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4 Ways to Override Motivation and Get Stuff Done

Motivation is overrated, because the brain can rationalize any behavior. Use these scientifically backed behavioral principles and stop relying on will power to get results.
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Do you even lift bro? No matter what you bench press, no matter how good you look in your lulu lemon tights, and no matter how good your intentions are, if you don't get up and put in the work, none of the rest of it matters.

Here are four techniques that you can use when you're just not 'feeling it'.

Principle: The Five-Minute Rule

If you ever have a big task that needs to be done, but that sounds like the last thing that you would like to do, force yourself to start the task and do ONLY five minutes' worth of work. Whether that's sitting down to write a few sentences of an article you've been putting off, cleaning the room, or doing your homework. Often times all it takes is 5 minutes to get into a rhythm and find your flow.

What often happens is that after five minutes, you're so engrossed in the task that you find it easy to finish, but even if not, and you're still feeling bogged down after five minutes, get up, walk away, and try another five minutes later on.

Application: Put on the Clothes

If you're the type that gets up early to lift or run and that sounds like the farthest thing away from what you want to do on a cold morning, tell yourself that all you need to do is get out of bed, and put on your workout clothes and shoes.

It's much easier if these are already out, visible, and you don't need to go rooting around in your closet to find them. Once you're up and dressed, the temptation to go back to bed is much less.

Principle: Competition

One thing that drives type A people is the constant desire to win. However, if there's nothing on the line, or no constant reminder of competition, it's easy to let this powerful principle go to waste.

CrossFit does a great job of tapping into the competitive spirit, with record boards, and just the fact that you're working out with a group of people doing the same workout so you always know how you measure up.
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Application: Make a bet

If you don't have a competitive community built into your gym, find a friend and make a bet. The bet can be something as simple as "Most times to the gym in one month", or something more intense like how many reps total with a body-weight squat, deadlift, and bench press.

One caveat is that the prize (or punishment) has to be something significant. If you're only betting a beer on your month long gym bet, that's not going to be enough to get you out of bed in the morning. However, if 500 dollars is on the line, there's a much higher incentive to hit the weights.

My friends and I once had a bet where the loser had to get a nose piercing. I lost.

Principle: Temptation Coupling

Temptation coupling is simply pairing one 'negative' stimulus, like working out, cleaning the house, or working on a big project you've been putting off, with a positive stimulus, like listening to an addictive audio book, eating a donut, or buying a new toy.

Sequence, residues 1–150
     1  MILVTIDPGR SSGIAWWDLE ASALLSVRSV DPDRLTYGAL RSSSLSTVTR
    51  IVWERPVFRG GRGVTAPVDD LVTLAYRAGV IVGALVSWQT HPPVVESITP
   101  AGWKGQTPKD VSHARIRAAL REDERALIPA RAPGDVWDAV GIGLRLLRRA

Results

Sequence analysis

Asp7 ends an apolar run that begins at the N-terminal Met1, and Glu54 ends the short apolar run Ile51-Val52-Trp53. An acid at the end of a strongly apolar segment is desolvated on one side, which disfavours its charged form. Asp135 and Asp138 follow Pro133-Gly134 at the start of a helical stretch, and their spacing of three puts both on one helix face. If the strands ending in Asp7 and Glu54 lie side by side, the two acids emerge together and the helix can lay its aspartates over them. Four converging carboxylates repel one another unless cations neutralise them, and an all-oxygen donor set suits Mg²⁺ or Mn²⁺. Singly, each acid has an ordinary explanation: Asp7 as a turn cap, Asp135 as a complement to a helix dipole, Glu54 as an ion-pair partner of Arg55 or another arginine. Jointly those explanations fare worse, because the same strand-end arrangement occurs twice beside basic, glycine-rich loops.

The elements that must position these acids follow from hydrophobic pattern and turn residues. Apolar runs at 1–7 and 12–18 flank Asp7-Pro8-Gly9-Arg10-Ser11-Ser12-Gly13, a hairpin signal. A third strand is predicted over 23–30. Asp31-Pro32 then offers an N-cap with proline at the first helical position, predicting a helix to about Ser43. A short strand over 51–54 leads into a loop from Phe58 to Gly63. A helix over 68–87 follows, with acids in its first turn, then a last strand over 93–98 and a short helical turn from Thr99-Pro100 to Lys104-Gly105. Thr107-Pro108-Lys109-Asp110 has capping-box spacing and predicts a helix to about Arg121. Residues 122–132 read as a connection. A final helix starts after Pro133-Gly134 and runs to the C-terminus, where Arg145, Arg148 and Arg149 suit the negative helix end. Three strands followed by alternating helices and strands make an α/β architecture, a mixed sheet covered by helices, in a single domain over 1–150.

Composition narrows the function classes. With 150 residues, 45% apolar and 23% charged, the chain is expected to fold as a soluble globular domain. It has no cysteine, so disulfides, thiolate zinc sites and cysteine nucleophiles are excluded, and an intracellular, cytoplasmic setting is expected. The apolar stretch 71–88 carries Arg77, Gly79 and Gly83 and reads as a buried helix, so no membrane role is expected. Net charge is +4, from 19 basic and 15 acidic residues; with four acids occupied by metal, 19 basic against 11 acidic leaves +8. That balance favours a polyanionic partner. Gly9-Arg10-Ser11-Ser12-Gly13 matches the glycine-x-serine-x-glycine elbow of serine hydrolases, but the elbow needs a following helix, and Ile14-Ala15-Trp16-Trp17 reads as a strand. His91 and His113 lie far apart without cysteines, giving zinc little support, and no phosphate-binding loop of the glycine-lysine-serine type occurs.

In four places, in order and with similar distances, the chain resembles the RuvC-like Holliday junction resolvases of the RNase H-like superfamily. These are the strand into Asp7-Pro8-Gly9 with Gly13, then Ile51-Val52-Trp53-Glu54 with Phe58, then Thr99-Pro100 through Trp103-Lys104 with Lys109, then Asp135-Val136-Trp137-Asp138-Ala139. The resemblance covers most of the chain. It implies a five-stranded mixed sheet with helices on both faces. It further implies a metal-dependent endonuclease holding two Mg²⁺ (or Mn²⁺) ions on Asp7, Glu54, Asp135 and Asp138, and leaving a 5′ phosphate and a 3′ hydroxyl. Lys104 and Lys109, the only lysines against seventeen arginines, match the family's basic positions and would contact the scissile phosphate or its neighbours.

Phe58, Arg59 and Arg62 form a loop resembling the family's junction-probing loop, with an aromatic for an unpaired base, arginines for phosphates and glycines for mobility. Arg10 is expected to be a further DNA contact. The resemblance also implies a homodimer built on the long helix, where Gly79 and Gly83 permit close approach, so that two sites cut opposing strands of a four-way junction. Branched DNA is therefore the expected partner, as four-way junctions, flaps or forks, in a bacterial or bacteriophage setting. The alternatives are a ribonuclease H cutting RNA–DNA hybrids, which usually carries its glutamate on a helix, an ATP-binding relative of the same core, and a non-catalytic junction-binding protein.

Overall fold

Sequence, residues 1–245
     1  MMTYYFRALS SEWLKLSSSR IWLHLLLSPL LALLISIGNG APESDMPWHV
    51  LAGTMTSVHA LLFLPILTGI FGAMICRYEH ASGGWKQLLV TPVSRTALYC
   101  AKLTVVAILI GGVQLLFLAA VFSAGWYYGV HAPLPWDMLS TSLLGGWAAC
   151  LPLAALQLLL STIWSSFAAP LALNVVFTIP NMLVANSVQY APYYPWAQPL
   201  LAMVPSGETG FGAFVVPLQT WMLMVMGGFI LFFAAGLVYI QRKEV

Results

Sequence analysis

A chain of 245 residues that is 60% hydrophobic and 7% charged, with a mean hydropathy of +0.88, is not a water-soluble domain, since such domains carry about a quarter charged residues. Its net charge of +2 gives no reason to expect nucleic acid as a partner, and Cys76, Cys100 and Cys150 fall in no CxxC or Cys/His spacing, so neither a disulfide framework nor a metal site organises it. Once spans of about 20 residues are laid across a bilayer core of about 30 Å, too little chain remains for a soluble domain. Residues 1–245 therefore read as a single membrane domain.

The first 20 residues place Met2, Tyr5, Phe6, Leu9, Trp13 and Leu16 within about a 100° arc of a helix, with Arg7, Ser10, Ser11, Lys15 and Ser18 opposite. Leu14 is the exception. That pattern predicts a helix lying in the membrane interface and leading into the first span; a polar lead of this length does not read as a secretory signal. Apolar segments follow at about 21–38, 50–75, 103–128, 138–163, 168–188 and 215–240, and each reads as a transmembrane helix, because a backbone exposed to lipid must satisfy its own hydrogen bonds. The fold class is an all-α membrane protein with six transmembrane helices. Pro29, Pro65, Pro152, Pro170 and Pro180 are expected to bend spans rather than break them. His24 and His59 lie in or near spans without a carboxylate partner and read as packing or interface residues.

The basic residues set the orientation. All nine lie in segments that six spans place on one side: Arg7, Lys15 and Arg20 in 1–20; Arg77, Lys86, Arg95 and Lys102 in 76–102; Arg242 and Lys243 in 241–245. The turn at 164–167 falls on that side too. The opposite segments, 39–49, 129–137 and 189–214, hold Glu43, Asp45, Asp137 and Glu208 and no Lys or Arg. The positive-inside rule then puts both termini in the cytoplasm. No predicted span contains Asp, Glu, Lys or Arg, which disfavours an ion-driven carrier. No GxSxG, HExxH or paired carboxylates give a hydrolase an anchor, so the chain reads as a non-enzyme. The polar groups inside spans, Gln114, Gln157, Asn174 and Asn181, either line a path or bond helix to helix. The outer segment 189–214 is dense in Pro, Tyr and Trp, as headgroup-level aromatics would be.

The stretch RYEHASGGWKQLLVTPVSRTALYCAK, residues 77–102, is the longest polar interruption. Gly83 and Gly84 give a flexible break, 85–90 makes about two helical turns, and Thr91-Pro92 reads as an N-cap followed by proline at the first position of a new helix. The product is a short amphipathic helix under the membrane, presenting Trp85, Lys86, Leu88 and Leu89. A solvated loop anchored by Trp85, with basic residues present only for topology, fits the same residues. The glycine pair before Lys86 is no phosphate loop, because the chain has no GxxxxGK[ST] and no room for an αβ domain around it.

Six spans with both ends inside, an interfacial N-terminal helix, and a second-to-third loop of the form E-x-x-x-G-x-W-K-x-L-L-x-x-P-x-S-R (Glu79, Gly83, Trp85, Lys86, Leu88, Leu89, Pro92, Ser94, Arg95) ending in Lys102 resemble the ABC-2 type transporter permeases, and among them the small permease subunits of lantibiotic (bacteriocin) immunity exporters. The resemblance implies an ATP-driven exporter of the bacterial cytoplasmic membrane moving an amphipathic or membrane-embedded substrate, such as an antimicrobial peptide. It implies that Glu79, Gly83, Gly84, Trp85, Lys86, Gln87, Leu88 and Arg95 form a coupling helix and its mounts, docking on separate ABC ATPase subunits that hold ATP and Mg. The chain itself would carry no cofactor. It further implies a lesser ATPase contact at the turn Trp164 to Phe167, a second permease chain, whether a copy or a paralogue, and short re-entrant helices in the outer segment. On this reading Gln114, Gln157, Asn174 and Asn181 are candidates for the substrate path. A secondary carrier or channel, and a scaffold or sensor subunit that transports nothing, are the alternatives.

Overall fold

A study by Katherine Milkman, a professor at The Wharton School, showed that participants were 40% more likely to go the gym if they had a really interesting audio book to listen too while they were there. Those efforts increased to 60% if they were prohibited from listening to the audio book outside of the gym.

Application: Enjoy the gym with a good book or music

When you hit the gym, have a reward system in place. (hint: a donut isn't the best option). If you have a great new album that you want to listen too, or you're in the middle of a highly addictive book that you don't allow yourself to finish outside of the gym, that positive stimulus will be enough to push you past any initial hesitations.

If you hit the gym 10 times in 2 weeks, buy those new shoes or workout pants you want, and then only wear them when you're exercising. Anything to pair fun activity with something that you're not as thrilled to do.

Principle: Accountability

In my personal experience, clients who are accountable to me to finish their program are 4x more likely to follow through with exercise, which makes this an extremely powerful principle.

By having a coach to report back too and say you either did, or didn't finish your workout program, and ate according to the guidelines set out for you, it adds an extra layer of difficulty to making the choice to have the 3rd gin and tonic. Because we all know where that leads.

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Application: Have a Plan

If you know that in a given week, there are 5 workouts that you must complete in 7 days, that reduces the need for willpower to get you to the gym, because now it's not a question of "if" you'll get the workouts done, but rather "when". This change in mentality is small, but makes a huge difference in your perception and behavior.

Even though buying a program can seem like an unnecessary cost (especially when your gym offers classes), the benefit in terms of motivation is easily worth the cost. And that doesn't even include the muscular development that you'll get from following a carefully laid out coaching program from a professional who knows and cares about you.

Go Get It!

Motivation is overrated, because the brain can rationalize any behavior. Use these scientifically backed behavioral principles and stop relying on will power to get results.